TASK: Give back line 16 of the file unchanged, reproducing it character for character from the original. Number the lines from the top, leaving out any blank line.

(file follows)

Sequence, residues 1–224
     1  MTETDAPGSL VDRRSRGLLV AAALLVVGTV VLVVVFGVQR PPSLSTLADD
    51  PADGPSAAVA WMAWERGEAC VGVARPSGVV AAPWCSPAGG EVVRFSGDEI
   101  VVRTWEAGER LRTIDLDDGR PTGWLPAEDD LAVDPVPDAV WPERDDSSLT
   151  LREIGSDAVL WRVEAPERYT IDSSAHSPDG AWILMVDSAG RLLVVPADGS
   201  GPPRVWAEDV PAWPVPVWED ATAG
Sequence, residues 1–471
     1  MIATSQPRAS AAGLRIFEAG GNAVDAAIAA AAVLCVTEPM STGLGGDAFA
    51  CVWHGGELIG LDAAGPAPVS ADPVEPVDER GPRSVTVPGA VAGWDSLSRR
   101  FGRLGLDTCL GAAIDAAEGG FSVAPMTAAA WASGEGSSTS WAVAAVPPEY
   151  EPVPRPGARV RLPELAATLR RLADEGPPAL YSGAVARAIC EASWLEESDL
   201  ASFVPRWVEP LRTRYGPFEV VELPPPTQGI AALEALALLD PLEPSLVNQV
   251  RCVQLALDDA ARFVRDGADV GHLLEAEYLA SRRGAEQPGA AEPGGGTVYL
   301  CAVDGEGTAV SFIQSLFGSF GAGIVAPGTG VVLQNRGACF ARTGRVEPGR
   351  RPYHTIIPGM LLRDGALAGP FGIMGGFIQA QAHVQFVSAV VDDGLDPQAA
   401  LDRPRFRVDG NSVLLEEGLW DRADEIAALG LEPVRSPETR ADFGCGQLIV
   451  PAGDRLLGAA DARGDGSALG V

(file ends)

   401  LDRPRFRVDG NSVLLEEGLW DRADEIAALG LEPVRSPETR ADFGCGQLIV